VANCOUVER – The National Energy Board hearings into Kinder Morgan’s proposed pipeline expansion through Alberta and British Columbia will begin in August and hear from more than a thousand people, groups and communities.
But only 400 of the more than 2,118 applicants who applied to be interveners in the hearings will be allowed to participate.
Those groups given approval will be allowed to question experts and company officials and present evidence at the hearings.
They include: dozens of First Nations, the Alberta Federation of Labour, B.C. Green MLA and climate scientist Andrew Weaver, BC Nature, the BC Wildlife Federation, BP Canada, BC Hydro, the Burnaby Teachers’ Association, the Canadian Association of Petroleum Producers, the Chamber of Shipping of British Columbia, and cities from Kamloops to Victoria.
Environment Canada, Aboriginal Affairs and the federal Fisheries and Oceans department will also have intervener status, as well as the B.C. and Alberta provincial governments and the conservation groups Living Oceans and Raincoast Foundation.
Another 1,250 individuals and groups will be allowed to submit a comment letter to the panel but won’t be able to participate directly in the hearings.
Of the applications received, 452 that requested intervener status were given commenter status.
Another 468 were denied participation.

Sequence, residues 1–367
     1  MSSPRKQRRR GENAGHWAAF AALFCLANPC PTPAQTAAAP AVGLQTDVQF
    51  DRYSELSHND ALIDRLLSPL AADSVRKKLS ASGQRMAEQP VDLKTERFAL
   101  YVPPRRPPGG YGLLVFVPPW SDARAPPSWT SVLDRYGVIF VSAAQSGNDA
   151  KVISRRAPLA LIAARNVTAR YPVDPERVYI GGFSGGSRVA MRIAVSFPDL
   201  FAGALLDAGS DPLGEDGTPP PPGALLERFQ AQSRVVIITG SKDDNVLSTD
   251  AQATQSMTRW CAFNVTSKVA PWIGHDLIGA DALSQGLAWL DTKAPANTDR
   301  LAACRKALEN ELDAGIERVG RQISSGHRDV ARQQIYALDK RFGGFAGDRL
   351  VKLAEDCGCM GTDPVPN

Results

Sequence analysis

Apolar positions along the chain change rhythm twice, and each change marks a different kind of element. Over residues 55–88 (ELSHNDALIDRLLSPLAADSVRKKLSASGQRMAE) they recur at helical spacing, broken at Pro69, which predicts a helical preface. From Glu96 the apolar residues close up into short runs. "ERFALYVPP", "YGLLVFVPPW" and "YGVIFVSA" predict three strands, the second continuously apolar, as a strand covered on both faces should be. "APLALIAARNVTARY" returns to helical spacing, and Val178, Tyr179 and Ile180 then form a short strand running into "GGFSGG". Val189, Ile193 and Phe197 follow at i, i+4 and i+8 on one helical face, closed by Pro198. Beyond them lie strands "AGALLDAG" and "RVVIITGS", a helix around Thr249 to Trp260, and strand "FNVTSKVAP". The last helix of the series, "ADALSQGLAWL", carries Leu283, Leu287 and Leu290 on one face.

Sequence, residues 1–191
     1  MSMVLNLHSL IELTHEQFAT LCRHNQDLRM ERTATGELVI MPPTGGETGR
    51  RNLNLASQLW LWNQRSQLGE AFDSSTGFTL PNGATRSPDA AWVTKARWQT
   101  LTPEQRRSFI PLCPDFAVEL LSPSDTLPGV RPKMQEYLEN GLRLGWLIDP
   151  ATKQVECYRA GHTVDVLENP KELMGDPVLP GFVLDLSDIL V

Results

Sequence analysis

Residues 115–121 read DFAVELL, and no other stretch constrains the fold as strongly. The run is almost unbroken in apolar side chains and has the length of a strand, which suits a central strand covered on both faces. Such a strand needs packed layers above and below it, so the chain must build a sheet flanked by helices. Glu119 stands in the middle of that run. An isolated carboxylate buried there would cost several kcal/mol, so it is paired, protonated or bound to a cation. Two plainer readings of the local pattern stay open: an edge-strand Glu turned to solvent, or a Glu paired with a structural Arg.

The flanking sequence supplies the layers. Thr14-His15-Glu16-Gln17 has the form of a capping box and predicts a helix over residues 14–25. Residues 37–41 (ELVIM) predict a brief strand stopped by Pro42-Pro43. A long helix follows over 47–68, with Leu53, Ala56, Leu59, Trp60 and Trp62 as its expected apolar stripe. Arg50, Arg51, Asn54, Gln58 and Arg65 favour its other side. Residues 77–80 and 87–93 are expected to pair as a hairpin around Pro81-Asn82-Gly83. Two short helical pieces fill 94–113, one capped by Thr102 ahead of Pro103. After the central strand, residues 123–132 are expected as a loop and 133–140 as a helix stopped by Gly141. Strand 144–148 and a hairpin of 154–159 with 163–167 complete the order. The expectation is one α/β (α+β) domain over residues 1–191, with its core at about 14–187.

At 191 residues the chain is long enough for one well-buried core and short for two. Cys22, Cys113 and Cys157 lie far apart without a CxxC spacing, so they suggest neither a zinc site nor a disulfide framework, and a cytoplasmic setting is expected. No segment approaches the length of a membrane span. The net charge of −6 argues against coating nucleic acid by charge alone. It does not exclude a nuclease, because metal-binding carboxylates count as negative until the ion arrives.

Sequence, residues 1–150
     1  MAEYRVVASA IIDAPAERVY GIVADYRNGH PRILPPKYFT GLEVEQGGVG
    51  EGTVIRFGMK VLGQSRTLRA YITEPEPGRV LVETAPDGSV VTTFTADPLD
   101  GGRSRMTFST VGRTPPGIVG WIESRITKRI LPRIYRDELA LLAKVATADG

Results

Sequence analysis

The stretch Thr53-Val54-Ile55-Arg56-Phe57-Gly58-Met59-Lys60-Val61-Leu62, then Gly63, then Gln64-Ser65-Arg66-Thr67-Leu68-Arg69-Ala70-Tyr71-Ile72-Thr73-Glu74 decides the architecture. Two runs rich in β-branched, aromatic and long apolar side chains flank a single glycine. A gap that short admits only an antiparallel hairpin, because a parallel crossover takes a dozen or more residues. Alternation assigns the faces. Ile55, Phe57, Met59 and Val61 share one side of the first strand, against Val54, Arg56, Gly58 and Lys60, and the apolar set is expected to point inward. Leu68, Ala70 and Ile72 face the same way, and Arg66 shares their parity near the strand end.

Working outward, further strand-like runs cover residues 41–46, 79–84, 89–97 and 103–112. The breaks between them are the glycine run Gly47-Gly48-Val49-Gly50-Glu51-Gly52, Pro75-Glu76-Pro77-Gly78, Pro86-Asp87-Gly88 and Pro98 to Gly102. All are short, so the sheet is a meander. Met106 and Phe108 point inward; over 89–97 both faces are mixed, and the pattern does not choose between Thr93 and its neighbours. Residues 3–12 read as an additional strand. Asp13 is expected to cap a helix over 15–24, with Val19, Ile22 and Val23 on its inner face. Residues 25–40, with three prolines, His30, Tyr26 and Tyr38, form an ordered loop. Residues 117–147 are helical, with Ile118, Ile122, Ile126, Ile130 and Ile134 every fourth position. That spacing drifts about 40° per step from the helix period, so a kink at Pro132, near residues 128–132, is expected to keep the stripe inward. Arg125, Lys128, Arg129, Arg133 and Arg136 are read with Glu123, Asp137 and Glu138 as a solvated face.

They include: New Democrat MP Kennedy Stewart, the Business Council of British Columbia, Canadian Centre for Policy Alternatives, Canadian Natural Resource Alliance, the City of Fort St. John, Dogwood Initiative and the Okanagan Upcycling Resource Society.
Texas-based Kinder Morgan’s $5.4-billion pipeline expansion would have the capacity to transport up to 890,000 barrels per day from Alberta to the company’s Westridge terminal in Burnaby.
Changes to the National Energy Board Act that came into effect in July 2012 limit participation to those directly affected by a project or those with specific expertise or information.
Caitlyn Vernon of the Sierra Club BC said the decision to deny participation is “profoundly undemocratic.”
“This is a rigged process, deliberately designed to silence the legitimate voices of British Columbians on an issue that has profound implications for our province,” Vernon said in statement.
“All British Columbians are directly affected by the Kinder Morgan proposal, which threatens B.C. families, jobs, salmon and climate.”
Trans Mountain took no position on individual applicants.
But the company told the panel “the legislative change is meant to avoid parties that may be affected by a project from being ‘lost in the crowd’ of parties whose issues are unrelated to a specific project,” the board stated in the decision released Wednesday.
The panel said the changes to the National Energy Board Act were made to promote fairness and efficiency in the review process.
“If you are directly affected, you will be given an opportunity to present your concerns to the board, and the board will make its decision based on the application and all of the evidence before it,” the agency said.
The review panel will hear aboriginal evidence this August and September and hearings will begin next January.
The panel has until July 2, 2015, to complete its report and recommendation for the federal government.